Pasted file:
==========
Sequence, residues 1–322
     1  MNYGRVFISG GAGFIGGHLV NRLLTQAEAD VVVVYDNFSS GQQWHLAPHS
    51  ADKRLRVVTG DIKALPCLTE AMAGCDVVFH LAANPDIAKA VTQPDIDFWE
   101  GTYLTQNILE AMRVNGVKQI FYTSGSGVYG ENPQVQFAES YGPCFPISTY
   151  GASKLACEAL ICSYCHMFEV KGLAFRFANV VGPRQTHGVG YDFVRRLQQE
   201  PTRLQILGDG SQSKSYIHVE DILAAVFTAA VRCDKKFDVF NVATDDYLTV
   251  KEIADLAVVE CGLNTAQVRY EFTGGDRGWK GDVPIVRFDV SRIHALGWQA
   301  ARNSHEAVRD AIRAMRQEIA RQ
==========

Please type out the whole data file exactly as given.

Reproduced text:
Sequence, residues 1–322
     1  MNYGRVFISG GAGFIGGHLV NRLLTQAEAD VVVVYDNFSS GQQWHLAPHS
    51  ADKRLRVVTG DIKALPCLTE AMAGCDVVFH LAANPDIAKA VTQPDIDFWE
   101  GTYLTQNILE AMRVNGVKQI FYTSGSGVYG ENPQVQFAES YGPCFPISTY
   151  GASKLACEAL ICSYCHMFEV KGLAFRFANV VGPRQTHGVG YDFVRRLQQE
   201  PTRLQILGDG SQSKSYIHVE DILAAVFTAA VRCDKKFDVF NVATDDYLTV
   251  KEIADLAVVE CGLNTAQVRY EFTGGDRGWK GDVPIVRFDV SRIHALGWQA
   301  ARNSHEAVRD AIRAMRQEIA RQ